Thousands of animals are packed into ships stuck backed up at the Suez Canal, according to multiple reports, raising alarms about their welfare.
Bloomberg estimates 10 ships stuck in and around the canal are carrying livestock; The Guardian reported that tracking data show that at least 20 ships are transporting animals. Most of the animals are believed to be sheep, but some ships could also be carrying cattle.
Ships carrying livestock usually bring enough food and water for just a few extra days, sources told Bloomberg. Then ships either have to head to a port for extra feed, or arrange to have another vessel unload supplies. Ships could also try to sell the animals quickly in a nearby country.
“I wouldn’t expect just after a two-day delay for a problem to have built up,” Peter Stevenson, chief policy officer at animal welfare group Compassion in World Farming, told Bloomberg. “It’s as time goes by that the problems get worse. Occasionally, there are real scandals when things go wrong, but it’s a day-to-day horror.”
The organization has previously called for an end to live-animal shipments.
Georgios Hatzimanolis, a spokesperson for the tracking website Marine Traffic, told The Guardian that while some livestock ships were waiting to enter the canal, three “appear to be stuck at various points in the canal.”
Five of the ships identified had loaded animals in Spain, and nine had loaded in Romania earlier this month, according to Animals International.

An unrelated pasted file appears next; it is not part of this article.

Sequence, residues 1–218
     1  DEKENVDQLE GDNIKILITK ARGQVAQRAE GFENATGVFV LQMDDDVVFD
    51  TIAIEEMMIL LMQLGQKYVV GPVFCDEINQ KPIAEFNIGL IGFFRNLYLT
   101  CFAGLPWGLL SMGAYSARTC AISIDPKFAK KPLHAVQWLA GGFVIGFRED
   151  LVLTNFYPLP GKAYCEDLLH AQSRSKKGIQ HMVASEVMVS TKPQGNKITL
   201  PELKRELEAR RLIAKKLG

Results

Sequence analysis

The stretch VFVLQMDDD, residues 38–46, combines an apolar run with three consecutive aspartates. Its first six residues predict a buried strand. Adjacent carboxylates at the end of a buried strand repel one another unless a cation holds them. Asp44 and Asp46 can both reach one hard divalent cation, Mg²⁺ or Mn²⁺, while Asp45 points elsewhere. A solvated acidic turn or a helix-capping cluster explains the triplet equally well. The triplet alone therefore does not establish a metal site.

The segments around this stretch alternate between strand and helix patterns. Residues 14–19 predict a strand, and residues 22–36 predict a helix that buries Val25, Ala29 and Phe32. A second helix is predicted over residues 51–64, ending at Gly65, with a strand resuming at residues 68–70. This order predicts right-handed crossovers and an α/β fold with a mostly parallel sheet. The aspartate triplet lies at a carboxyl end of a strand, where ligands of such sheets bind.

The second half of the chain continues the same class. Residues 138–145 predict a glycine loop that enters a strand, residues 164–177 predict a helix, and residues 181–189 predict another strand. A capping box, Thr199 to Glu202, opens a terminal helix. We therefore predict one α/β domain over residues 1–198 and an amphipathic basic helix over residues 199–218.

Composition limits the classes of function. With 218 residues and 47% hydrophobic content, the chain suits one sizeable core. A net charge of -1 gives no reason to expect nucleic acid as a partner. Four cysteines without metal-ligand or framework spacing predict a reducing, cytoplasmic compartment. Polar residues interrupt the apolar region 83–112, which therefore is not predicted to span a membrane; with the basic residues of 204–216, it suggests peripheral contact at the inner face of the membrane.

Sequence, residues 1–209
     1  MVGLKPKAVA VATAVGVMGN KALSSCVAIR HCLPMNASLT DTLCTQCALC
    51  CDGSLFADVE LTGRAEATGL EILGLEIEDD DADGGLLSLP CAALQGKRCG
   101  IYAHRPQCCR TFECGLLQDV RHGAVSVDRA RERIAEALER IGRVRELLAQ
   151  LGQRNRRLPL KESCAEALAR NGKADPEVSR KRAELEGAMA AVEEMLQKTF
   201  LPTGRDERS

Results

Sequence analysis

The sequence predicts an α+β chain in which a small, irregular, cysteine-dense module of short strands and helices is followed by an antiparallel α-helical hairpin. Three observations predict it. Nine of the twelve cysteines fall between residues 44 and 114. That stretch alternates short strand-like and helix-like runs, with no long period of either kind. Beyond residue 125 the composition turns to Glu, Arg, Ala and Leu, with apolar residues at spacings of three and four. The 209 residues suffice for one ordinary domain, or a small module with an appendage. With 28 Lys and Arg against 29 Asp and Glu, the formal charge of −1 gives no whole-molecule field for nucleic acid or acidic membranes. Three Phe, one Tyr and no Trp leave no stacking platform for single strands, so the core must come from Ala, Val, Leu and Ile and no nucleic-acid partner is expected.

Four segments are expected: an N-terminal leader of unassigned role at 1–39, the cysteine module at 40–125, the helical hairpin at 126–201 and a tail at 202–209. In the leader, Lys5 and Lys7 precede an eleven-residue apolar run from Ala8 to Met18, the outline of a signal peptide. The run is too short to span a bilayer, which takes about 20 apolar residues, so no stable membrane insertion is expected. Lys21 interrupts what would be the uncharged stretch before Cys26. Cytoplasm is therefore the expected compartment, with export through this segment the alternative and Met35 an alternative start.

“My greatest fear is that animals run out of food and water and they get stuck on the ships because they cannot be unloaded somewhere else for paperwork reasons,” Gerit Weidinger, European Union coordinator for Animals International, told The Guardian.
“Getting stuck on board means there is a risk [for the animals] of starvation, dehydration, injuries, waste buildup so they can’t lie down, and nor can the crew get rid of dead animal bodies in the [Suez] canal,” she said. “It’s basically a ticking biohazard time bomb for animals and the crew and any person involved.”
The U.S. has offered to aid efforts to move the Ever Given to open the canal. Several incoming vessels are now being diverted around Africa’s Cape of Good Hope, and dredging vessels are working around the clock to dislodge the massive ship.